BOSTON - The key word for the Boston Bruins in the early stages of their opening game of the playoffs will be discipline.
The B’s like to play a rough-and-tumble style and that brings with it inherent dangers.
“We know the way we have to play,” said Bruins coach, Claude Julien, Thursday morning after the Bruins’ morning skate. “Now it’s a matter of going out there and executing that game plan. And again, we know that spending time in the box is not going to be our advantage. We don’t plan on doing that. But at the same time, you have your team built a certain way; you have to play the way your team is built.
“We’re a big, strong team that likes a physical game.”
The Canadiens won four of the six regular season meetings between the two clubs and the power play was a big factor. Also, they went 9-for-28 (32.1%) against the Bruins in those six games. That was significantly better than the 19.7% the Canadiens managed overall during the regular season which saw the club with the seventh-ranked power play in the league.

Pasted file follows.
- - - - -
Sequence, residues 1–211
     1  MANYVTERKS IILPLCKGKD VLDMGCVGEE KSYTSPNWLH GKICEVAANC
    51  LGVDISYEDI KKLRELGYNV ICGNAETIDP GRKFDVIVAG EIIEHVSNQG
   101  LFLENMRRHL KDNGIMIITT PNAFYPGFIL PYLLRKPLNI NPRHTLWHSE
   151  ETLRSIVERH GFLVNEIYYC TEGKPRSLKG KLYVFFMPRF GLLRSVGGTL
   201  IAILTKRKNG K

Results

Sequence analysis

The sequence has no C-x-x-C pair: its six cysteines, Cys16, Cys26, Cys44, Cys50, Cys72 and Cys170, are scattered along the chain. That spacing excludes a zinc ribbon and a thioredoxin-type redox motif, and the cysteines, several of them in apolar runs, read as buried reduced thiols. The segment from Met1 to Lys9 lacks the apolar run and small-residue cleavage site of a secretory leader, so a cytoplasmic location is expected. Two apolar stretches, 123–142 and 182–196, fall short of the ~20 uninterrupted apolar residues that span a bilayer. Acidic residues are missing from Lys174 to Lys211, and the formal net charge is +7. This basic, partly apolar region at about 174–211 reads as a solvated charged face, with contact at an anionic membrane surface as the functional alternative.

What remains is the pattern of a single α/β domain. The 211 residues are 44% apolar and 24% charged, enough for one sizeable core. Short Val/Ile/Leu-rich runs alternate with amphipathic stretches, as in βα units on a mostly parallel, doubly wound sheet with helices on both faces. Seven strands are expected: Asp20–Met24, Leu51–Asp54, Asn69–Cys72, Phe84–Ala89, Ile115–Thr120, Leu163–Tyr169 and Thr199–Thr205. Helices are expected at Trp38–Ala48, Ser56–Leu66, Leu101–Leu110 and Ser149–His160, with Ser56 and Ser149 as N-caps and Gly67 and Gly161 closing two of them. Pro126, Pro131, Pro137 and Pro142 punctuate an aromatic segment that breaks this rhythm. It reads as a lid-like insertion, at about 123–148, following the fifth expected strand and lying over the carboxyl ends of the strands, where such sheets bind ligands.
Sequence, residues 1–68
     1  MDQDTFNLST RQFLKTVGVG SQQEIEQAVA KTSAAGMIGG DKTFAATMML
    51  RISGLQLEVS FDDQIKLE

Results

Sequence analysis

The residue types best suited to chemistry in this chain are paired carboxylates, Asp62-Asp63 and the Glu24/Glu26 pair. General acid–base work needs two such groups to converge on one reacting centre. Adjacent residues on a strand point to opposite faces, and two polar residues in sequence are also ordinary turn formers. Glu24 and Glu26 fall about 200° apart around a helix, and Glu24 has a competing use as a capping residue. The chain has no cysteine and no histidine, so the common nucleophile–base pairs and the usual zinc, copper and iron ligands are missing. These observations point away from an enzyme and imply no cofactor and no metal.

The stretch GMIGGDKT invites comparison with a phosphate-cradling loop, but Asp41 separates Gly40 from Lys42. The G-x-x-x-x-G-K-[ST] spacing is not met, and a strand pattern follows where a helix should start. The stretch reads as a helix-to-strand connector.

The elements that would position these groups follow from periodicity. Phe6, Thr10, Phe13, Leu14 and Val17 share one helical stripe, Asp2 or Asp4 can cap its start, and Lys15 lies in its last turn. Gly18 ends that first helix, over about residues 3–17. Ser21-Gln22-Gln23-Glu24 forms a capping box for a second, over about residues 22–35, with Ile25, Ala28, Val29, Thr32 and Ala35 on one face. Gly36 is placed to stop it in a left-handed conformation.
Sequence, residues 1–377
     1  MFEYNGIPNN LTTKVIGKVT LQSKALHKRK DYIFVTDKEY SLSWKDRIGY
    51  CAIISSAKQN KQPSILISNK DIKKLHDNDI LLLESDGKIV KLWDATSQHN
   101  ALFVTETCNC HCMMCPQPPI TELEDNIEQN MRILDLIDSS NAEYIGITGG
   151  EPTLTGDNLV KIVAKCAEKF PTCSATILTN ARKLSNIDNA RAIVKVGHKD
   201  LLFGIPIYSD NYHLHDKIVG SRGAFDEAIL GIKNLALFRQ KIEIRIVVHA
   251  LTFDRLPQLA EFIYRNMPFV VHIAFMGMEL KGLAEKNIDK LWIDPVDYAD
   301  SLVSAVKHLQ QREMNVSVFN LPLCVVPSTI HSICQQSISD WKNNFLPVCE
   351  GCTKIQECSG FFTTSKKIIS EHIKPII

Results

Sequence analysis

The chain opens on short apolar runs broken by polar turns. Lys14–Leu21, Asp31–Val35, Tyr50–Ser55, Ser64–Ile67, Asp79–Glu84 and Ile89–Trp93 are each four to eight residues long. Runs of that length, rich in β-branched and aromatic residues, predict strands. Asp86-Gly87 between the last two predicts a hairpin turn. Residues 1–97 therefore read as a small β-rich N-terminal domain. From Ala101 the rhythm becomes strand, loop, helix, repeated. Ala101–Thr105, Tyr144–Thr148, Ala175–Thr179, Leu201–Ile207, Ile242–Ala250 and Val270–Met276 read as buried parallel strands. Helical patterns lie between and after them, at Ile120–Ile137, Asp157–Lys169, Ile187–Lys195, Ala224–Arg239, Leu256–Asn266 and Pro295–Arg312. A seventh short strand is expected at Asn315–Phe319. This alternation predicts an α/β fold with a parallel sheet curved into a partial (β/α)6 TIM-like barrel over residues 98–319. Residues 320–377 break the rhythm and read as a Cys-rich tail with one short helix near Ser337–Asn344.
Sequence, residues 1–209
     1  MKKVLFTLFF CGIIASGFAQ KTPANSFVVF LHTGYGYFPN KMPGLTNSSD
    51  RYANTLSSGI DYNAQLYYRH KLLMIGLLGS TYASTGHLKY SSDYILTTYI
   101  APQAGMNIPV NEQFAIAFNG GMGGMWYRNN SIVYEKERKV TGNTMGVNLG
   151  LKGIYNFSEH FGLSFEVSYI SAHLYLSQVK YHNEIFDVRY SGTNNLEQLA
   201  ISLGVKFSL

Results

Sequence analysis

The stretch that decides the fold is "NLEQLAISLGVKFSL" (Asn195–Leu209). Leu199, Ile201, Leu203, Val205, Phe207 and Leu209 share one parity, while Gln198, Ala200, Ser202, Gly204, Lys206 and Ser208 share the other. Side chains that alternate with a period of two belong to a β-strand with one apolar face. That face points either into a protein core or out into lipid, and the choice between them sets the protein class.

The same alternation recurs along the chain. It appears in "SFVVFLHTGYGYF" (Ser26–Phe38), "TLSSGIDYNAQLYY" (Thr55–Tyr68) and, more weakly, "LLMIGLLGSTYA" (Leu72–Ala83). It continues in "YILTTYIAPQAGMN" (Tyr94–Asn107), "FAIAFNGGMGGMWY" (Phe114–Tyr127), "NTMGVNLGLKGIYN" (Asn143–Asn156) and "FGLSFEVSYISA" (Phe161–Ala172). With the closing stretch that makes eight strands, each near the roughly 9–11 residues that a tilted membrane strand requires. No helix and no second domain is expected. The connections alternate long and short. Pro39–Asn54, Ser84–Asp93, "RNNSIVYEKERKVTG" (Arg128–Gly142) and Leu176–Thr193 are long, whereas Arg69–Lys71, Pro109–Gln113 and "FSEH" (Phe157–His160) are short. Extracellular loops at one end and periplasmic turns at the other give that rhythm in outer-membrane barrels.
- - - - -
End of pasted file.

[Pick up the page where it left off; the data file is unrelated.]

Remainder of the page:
Almost half of the 20 goals the Canadiens scored against the Bruins this season came on the power play.
Brian Gionta, the injured Max Pacioretty and rookie defenceman P.K. Subban led the Habs with two power-plays goals each against the Bruins this season.
Special teams could wind up being a big factor when you consider the Bruins managed to score just three times on 24 attempts against the Habs.
Forward Mike Cammalleri, who led the Habs with 13 goals in 19 playoff games last spring, was more than ready to go.
He said the team has a quiet air of confidence after what it accomplished in the playoffs last spring, upsetting the Washington Capitals and the Pittsburgh Penguins, but this is a new deal.
“There's a certain level of confidence, but just like everybody who is watching, you want to see what you're made of,” he said Thursday morning. “Last year was special. We started to create something. We learned how to win big games.”